So how much good will it do if you get more exercise, consume less salt, ramp up on potassium, eat the DASH way, give up smoking, take up meditation? Does it all add up to some impressive total that will knock your doctor's socks off the next check-up time?
It depends a lot on where you start out. If you're a confirmed couch potato, exercising even a little might help to bring your blood pressure down. But if you're already a marathon runner, you've probably maxed out on the good that exercise can do you.
If you smoke two packs a day, quitting could make a big difference. If you're already a nonsmoker, that option doesn't even exist.
But it's also really tricky to add up the effect of all these individual actions because so many of them are interconnected.
For example, it's known that the nicotine in cigarettes increases blood pressure temporarily -- and yet some studies comparing populations of smokers with nonsmokers have found that smokers' blood pressure is actually lower on average. A possible explanation for this apparent paradox: Smoking helps people keep their weight down, so nonsmokers may have higher blood pressures on average because they're heavier on average.
Similarly, it can be hard to disentangle the effects of exercise and weight loss since one often leads to the other. And -- somewhat less obviously -- often the same people who don't get much sleep don't get much exercise either and are also likely to be overweight.
So, in studies of sleep and blood pressure, the blood pressure increases may be completely due to lack of sleep or partly due to a dearth of exercise and a plenitude of pounds.
Scientists try to take account of these confounding factors when they can, of course. And many studies have looked directly at the interactions of various factors.
For example, a study of 412 people published in the New England Journal of Medicine in 2001 found that a low-sodium DASH diet was even better than the plain DASH diet. Those on DASH (which stands for Dietary Approaches to Stop Hpertension) who dropped their sodium to an intermediate level (2,300 milligrams a day) skimmed an extra 1.3 mm Hg off their systolic blood pressure; those who dropped it still further to a low level (1,150 mg a day) dropped it by 1.7 mm Hg more. And that was on top of the 5.9 mm Hg benefits gained from a DASH diet alone.
In fact, the full potential of the DASH diet combined with low sodium is greater than drugs, says Dr. Frank Sacks, professor of cardiovascular disease prevention at the Harvard School of Public Health, lead author of that study.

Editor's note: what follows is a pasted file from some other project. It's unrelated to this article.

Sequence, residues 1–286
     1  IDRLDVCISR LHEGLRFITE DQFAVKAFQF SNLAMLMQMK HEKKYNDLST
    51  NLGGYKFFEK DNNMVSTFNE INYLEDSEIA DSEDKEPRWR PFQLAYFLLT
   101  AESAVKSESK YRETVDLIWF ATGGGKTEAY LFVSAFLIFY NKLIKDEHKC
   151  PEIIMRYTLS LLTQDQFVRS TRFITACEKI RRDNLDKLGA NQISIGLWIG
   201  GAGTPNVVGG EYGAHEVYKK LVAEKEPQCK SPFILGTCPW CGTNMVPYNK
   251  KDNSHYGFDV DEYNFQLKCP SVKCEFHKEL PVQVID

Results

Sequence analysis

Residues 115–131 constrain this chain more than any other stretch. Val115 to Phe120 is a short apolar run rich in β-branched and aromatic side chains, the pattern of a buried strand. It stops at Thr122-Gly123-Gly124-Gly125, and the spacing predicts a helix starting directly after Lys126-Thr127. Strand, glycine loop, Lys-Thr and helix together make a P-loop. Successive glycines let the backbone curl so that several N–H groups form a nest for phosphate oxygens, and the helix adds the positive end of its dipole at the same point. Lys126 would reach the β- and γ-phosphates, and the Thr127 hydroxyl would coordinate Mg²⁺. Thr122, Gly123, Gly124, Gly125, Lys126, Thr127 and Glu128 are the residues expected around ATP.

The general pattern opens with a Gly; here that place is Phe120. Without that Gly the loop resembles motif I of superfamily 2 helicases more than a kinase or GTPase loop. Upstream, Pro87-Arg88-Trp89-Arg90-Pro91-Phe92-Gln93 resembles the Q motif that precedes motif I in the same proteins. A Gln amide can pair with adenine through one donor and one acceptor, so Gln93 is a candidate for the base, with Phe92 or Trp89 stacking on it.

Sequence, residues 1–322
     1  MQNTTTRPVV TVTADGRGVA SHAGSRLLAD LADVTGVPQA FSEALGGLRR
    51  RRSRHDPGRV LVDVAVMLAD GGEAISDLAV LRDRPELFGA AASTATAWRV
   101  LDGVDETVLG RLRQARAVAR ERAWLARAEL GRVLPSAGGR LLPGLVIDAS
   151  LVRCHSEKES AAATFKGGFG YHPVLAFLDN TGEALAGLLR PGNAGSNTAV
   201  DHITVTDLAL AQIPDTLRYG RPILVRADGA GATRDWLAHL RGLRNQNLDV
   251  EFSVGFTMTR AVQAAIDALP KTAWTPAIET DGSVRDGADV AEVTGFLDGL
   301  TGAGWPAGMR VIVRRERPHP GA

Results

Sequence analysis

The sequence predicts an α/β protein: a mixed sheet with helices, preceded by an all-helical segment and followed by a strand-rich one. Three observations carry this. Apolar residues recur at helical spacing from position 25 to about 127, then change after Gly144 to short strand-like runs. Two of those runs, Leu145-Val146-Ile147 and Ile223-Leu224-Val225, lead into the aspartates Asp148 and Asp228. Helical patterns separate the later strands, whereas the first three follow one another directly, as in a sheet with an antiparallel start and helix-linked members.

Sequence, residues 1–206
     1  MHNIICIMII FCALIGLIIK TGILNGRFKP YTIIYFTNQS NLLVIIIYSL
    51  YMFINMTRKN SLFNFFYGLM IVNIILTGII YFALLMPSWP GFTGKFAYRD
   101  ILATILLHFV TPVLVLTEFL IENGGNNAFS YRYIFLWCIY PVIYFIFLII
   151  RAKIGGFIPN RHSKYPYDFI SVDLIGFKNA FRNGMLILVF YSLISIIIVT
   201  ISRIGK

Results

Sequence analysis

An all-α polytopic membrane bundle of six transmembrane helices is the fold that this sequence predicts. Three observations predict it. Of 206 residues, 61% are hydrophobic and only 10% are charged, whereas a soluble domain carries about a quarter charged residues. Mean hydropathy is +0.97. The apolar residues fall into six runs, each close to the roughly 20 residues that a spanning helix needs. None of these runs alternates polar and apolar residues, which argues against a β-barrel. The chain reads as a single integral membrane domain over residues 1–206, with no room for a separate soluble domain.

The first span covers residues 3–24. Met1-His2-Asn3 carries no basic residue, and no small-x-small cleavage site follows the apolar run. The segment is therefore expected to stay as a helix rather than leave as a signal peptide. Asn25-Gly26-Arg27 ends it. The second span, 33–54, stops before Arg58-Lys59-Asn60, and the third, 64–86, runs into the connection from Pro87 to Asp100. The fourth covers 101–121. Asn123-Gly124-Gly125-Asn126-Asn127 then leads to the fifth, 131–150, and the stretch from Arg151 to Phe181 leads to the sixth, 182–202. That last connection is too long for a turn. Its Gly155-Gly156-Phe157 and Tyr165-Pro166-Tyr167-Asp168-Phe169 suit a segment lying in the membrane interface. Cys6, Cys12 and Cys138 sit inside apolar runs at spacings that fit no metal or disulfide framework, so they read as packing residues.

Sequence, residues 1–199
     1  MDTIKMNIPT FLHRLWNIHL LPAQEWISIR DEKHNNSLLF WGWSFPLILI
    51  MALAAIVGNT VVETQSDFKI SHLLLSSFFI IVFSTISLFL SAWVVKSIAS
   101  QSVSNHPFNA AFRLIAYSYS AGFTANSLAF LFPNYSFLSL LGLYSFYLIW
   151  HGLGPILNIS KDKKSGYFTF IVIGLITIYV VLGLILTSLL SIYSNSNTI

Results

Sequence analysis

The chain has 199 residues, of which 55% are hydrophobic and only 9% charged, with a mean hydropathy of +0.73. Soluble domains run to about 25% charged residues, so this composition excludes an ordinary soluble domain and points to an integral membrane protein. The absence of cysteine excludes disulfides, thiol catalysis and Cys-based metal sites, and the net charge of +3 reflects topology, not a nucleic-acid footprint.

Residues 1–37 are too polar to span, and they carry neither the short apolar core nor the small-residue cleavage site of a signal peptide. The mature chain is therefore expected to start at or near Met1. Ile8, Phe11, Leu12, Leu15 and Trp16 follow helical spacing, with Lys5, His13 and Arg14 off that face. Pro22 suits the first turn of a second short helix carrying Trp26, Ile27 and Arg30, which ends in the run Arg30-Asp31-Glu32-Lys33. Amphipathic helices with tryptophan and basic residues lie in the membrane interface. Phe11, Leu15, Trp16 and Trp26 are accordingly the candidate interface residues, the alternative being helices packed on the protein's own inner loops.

Adding aerobic exercise and weight loss to the DASH diet also produces more of an effect than the DASH diet alone, according to a four-month study of 144 overweight or obese people with elevated blood pressure. People who were given weight loss counseling and followed an aerobic exercise program in addition to the DASH diet lost an average of about 19 pounds and knocked 16 points off their blood pressure, compared with just DASH (11 points) and a control group (3 points).
And a 2009 study of 3,000 participants found that the ratio of sodium to potassium was more important than either salt or potassium alone. Individuals with the highest sodium-to-potassium ratio in their urine were 50% more likely to develop cardiovascular disease in the next 10 to 15 years than those with the lowest ratios, the study found. The relationship wasn't found for high sodium or potassium levels when the ratio between the two wasn't taken into effect.
We all could stand to work on that sodium-potassium ratio. Instead of the 1-to-2 ratio recommended as the maximum by the Institute of Medicine, most Americans probably have a 1-to-1 ratio, or worse.
Sometimes the results of one study can shed new light on the results of others. For instance, in a 2009 study of sleep vis-a-vis blood pressure, researchers found that African American men slept much less than white women. This led them to suggest that sleep duration might be partly responsible for the well-known results that African Americans generally have higher blood pressure than other ethnicities, and men generally have higher blood pressure than women.Copyright © 2015, Los Angeles Times